“One of the biggest trends in economic history was the rise of the West, beginning in the 18th century. In the 19th century, all of Europe and European outposts spurted ahead of the rest of the world. By the end of the 20th century, the average worker in Western Europe or America earned about 20 times a much per hour as a similar worker in China or India, but new trend formed. Wages in India and China are rising sharply. Those in America and Europe are stagnant. China is growing faster than at any time in the last 10 years and India is not far behind.”
As the world recovers from the global recession and financial crisis, a new economic order continues to emerge. The economic midpoint of gravity is shifting away from the United States and Europe toward China and Asia.
Following the years of recovery from the global financial crisis, the world economy is on the edge of yet another major downturn. Output growth has slowed during 2011, especially in the developed countries. This growth is not sufficient in order to deal with the jobs crises in most developed economies and will drag down income growth in developing countries. This global downturn is because of the persistent weaknesses in the major developed economies, and is related to problems left unresolved in the aftermath of the Great Recession of 2008.
The most pressing challenges are the continued jobs crisis and the declining prospects for economic growth, especially in the developed countries. The rapidly cooling economy is both a cause and an effect of the sovereign debt crises in the euro area. It has undermined demand for the developing world’s manufactured exports and restrained prices of their commodities, South Africa is a notable casualty. European banks had been conduits for foreign money flowing into emerging markets. Now they are pulling back as they grapple with the problems at home.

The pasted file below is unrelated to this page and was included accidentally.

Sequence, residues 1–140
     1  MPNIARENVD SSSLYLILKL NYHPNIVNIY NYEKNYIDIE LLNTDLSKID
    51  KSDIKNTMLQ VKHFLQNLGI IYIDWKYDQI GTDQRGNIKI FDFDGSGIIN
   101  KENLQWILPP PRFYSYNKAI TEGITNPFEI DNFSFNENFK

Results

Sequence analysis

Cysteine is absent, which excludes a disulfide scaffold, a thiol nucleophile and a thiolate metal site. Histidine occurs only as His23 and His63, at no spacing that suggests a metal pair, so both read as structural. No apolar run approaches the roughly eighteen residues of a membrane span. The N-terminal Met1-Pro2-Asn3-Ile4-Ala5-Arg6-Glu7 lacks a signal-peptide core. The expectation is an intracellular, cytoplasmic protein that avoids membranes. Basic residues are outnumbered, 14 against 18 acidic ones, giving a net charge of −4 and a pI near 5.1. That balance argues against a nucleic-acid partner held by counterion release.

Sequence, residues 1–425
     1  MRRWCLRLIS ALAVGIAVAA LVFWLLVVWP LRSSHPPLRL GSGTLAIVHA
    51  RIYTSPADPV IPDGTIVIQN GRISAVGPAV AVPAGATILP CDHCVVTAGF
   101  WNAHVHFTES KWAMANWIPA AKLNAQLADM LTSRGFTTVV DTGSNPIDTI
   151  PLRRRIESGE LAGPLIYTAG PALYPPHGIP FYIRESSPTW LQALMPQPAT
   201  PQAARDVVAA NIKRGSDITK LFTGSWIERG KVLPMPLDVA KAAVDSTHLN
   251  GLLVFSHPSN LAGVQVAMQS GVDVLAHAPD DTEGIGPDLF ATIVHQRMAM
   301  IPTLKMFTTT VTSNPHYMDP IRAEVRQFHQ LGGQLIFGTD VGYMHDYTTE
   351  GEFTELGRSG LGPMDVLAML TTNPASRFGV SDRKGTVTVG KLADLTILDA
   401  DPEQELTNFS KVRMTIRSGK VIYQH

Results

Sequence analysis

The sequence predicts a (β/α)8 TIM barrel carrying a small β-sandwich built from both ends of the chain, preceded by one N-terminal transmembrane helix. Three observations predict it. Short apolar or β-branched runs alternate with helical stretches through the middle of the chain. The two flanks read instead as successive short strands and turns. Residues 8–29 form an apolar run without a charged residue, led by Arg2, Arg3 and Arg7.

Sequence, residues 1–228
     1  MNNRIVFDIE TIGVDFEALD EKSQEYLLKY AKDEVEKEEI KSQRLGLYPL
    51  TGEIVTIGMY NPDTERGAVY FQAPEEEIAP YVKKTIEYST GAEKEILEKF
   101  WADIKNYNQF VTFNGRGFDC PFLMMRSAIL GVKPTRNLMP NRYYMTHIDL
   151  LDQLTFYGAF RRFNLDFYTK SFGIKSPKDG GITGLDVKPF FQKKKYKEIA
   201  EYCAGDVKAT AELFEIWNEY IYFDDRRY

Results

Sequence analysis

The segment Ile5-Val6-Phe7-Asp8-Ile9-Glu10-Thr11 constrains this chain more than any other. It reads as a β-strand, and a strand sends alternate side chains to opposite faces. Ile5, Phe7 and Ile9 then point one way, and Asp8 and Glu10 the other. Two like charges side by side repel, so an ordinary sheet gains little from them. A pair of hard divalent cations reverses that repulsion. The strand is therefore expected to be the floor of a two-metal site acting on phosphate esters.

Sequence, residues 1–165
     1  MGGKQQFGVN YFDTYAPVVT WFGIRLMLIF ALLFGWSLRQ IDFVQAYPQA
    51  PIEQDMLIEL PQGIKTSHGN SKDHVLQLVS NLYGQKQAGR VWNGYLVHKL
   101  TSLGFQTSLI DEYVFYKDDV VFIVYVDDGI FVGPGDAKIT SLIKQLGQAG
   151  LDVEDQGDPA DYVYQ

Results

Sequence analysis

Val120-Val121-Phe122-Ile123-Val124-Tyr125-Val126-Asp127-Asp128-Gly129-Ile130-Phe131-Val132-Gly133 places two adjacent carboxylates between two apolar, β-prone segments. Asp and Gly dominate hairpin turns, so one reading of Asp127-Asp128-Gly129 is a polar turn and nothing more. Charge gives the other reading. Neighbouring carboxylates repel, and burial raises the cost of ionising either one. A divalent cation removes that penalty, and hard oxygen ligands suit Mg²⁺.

The United States economy is facing high unemployment and financial sector fragility. The European Union and the United States of America form the two largest economies in the world, and they are deeply intertwined. Their problems could easily feed into each other and spread to another global recession. Developing countries, which had rebounded strongly from the global recession of 2009, would be hit through trade and financial channels.
The financial turmoil following the August 2011 political wrangling in the United States regarding the debt ceiling and the deepening of the euro zone debt crisis also caused a contagious sell-off in equity markets in several major developing countries, leading to sudden withdrawals of capital and pressure on their currencies.
As the problems are deeply intertwined, the only way for policymakers to save the global economy from falling into a dangerous downward spiral is to take concerted action, giving greater priority to revitalizing the recovery in output and employment in the short run in order to pave more solid ground for enacting the structural reforms required for sustainable and balanced growth over the medium and long run.